Crowds gather for Indian pilot Abhinandan’s release


Crowds of Indians are gathering near a border crossing with Pakistan ahead of the release of an Indian fighter pilot captured by Pakistan. Pakistan’s Prime Minister Imran Khan said the pilot would be released as a “peace gesture” on Friday. India’s military welcomed the move. Wing Commander Abhinandan Varthaman’s plane was shot down in the disputed region of Kashmir on Wednesday. Both countries are under pressure to calm tensions. On Friday Indian Prime Minister Narendra Modi said the events of the past few days had “brought our nation closer”. “The way the nation has supported our armed forces is extraordinary and I bow to every Indian for that,” he said. On Tuesday, India struck what it said was a militant camp in Pakistan in retaliation for a suicide bombing that killed at least 40 Indian troops in Kashmir on 14 February. A Pakistan-based group said it carried out the attack the deadliest to take place during a three-decade insurgency against Indian rule in Kashmir. Pakistan which denies any involvement in the 14 February attack said it had no choice but to retaliate to the Indian raids with air strikes on Wednesday.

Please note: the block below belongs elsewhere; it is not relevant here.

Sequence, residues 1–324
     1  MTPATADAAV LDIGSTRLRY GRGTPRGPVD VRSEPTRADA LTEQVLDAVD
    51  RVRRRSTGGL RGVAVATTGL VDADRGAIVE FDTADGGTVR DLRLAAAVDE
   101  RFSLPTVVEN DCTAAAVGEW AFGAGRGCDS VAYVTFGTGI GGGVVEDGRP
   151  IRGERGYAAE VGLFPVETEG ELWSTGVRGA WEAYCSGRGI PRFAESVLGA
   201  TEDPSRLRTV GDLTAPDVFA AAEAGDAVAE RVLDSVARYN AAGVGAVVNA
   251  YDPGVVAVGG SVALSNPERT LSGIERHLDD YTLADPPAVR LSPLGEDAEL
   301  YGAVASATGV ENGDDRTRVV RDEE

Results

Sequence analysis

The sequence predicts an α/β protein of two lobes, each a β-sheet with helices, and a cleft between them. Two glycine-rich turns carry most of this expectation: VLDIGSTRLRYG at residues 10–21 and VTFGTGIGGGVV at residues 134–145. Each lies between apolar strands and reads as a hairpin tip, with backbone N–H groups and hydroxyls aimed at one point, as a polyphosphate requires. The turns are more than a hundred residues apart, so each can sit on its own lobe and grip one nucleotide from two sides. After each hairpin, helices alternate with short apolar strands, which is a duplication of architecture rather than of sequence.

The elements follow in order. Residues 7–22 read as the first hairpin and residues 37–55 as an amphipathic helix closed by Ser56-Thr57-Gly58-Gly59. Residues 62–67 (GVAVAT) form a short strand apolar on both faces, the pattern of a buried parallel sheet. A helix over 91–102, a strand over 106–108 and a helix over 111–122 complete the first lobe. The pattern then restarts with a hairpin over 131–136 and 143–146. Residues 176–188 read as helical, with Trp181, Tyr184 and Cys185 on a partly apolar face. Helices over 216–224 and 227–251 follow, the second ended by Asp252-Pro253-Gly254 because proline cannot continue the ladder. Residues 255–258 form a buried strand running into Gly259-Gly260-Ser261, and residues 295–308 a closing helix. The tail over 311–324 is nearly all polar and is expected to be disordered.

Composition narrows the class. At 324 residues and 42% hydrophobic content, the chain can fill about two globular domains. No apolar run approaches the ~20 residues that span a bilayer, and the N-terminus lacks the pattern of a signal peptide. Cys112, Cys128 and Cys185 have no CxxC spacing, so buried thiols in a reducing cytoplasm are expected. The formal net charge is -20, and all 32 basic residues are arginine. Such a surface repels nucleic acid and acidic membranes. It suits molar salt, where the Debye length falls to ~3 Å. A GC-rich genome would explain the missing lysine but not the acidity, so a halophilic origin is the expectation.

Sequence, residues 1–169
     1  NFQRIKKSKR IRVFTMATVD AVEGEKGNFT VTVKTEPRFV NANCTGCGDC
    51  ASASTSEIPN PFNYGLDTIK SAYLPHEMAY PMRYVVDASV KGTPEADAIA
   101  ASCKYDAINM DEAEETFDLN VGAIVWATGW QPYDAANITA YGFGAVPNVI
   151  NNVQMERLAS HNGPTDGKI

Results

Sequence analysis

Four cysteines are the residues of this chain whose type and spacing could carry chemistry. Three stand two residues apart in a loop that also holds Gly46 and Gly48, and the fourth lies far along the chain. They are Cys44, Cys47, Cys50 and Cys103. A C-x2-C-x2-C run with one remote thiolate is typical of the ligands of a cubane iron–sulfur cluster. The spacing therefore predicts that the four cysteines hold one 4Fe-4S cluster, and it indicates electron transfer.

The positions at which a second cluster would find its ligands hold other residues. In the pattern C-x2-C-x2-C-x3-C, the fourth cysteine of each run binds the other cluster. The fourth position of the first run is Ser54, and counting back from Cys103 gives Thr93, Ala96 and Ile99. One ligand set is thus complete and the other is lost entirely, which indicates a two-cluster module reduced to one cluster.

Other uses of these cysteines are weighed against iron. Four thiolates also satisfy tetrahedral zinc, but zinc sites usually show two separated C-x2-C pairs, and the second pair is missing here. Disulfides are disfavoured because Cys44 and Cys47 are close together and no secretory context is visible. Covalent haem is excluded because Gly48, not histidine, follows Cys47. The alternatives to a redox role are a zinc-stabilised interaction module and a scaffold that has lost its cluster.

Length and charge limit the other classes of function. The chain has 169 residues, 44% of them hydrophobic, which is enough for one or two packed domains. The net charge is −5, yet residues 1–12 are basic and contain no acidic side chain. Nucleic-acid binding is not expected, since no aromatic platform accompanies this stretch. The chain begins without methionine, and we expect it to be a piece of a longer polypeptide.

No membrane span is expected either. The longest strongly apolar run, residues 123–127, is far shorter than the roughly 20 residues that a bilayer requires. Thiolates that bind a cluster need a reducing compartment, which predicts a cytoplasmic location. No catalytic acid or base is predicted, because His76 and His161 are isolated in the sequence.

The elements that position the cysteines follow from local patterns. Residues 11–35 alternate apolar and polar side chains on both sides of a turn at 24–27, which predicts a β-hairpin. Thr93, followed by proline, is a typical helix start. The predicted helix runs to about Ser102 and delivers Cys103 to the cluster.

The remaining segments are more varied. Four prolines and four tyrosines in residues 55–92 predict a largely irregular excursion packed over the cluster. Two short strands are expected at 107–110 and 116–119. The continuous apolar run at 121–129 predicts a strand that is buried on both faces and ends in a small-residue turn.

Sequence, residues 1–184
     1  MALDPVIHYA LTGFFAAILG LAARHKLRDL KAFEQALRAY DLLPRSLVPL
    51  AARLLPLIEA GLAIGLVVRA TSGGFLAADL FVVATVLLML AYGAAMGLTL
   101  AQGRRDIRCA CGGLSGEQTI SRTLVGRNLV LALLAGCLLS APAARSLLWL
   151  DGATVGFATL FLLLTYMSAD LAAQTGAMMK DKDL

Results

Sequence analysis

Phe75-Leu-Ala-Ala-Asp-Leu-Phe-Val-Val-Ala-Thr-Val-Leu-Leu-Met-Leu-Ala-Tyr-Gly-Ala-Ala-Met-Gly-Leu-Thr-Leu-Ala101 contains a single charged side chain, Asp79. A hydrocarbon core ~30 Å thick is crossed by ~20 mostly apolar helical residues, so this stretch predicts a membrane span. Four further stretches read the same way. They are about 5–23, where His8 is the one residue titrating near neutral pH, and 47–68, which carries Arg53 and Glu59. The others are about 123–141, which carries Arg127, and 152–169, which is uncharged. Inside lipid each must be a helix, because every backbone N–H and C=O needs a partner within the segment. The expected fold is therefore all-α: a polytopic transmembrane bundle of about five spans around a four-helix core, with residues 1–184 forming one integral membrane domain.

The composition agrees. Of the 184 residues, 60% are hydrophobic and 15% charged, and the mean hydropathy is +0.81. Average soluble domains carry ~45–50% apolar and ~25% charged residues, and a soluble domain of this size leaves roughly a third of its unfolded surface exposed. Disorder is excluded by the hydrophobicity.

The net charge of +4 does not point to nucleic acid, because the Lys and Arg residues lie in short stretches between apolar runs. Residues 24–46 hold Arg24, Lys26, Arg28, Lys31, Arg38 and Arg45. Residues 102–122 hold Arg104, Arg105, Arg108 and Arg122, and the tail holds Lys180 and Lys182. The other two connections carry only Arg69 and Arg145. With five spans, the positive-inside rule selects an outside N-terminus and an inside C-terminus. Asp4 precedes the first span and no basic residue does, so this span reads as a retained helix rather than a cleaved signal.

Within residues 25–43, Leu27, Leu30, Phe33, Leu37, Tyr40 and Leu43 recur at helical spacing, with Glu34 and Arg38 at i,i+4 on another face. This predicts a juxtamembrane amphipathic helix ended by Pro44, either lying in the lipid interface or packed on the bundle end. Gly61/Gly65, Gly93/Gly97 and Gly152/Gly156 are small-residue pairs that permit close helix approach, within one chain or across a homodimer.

That led to a dogfight and the Indian fighter jet being shot down in Pakistan-administered Kashmir. Tens of thousands of troops remain positioned on either side of the border in the disputed region. At the height of the tension Pakistan closed its airspace, disrupting major air routes, but is expected to reopen it on Friday.”As a peace gesture we are releasing the Indian pilot tomorrow,” Mr Khan told Pakistani lawmakers in the National Assembly on Thursday.He also repeated his call for the de-escalation of the situation, saying that Pakistan and India “have to live in peace”. On Wednesday he pushed for talks with Delhi to prevent the risk of a “miscalculation” between the nuclear-armed neighbors. The Indian Air Force pilot, identified as Wing Commander Abhinandan Varthaman, had been reported “missing in action” by Indian officials.Images then circulated of his capture, which were both condemned for what appeared to be a physical attack at the hands of residents in Pakistan-controlled Kashmir, and praised for the actions of the Pakistani soldiers who intervened to create a barrier. Pakistan’s information ministry published but subsequently deleted a video showing the blindfolded pilot, who could be heard requesting water, just after he had been captured.


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